Results

DEGs Associated With PanNENs

The workflow of the study is shown in Figure 1A. To identify DEGs, we performed RNA-seq on samples from three patients with PanNENs. We identified 363 differentially expressed lncRNAs, of which 318 were upregulated and 45 were downregulated at the transcriptional level (Figure 1B). We also identified 1861 differentially expressed mRNAs, of which 1609 were upregulated and 252 were downregulated (Figure 1C). The top 20 differentially expressed lncRNAs between the normal and tumor tissues of patients with PanNENs are listed in Table 1. The top 20 differentially expressed mRNAs (i.e., DEGs) between the normal and tumor tissues of patients with PanNENs are listed in Table 2. Heatmaps and volcano plots of the distributions of differentially expressed lncRNAs and mRNAs are shown in Figures 1D,E. Volcano plots of the distributions of DEGs are shown in Figures 1F,G. The lncRNA XLOC_221242 was one of the most upregulated lncRNAs among tumor tissues compared with the matched paratumor tissues (log2 fold change = 13.8463, padj = 0.002372158).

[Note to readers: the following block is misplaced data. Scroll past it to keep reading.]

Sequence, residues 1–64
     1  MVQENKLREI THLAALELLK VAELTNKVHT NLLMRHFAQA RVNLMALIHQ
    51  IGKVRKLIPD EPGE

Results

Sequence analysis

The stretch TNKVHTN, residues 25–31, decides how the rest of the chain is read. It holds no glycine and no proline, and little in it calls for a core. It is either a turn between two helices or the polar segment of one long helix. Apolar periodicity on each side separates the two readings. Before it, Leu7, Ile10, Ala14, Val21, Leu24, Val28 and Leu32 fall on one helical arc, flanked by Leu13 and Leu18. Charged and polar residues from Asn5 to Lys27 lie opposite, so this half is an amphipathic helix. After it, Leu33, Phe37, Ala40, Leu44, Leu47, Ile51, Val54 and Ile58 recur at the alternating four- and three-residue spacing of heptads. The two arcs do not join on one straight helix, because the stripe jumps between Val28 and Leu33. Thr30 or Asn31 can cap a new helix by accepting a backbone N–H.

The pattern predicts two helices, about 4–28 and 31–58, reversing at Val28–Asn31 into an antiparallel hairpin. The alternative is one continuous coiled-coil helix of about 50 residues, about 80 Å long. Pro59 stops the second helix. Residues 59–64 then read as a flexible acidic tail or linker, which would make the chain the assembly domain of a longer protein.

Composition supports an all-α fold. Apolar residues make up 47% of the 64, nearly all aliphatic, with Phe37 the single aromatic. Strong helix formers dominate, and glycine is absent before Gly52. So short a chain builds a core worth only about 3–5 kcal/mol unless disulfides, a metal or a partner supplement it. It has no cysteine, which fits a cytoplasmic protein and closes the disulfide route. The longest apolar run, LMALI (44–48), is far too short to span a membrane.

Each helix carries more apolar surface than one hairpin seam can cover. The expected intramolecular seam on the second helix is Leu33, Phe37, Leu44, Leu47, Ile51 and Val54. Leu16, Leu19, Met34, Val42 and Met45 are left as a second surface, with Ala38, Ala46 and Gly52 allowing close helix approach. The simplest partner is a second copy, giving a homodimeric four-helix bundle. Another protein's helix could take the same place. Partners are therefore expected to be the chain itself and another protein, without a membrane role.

FIGURE 1
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Figure 1. Differential lncRNA and mRNA expression between tumor and paratumor tissues of patients with PanNENs. (A) Workflow of the study. (B) Numbers of upregulated and downregulated lncRNAs. (C) Numbers of upregulated and downregulated mRNAs. (D) Heatmap of differentially expressed lncRNAs between the tumor and paratumor tissues. (E) Heatmap of differentially expressed mRNAs between the tumor and paratumor tissues. (F) Volcano plot of differentially expressed lncRNAs between the tumor and paratumor tissues. (G) Volcano plot of differentially expressed mRNAs between the tumor and paratumor tissues n = 3.

TABLE 1
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Table 1. Patient characteristics.

TABLE 2
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Table 2. Top 20 differentially expressed LncRNA between tumor tissues and normal tissues of patients with PanNENs.

GO and KEGG Analyses of DEGs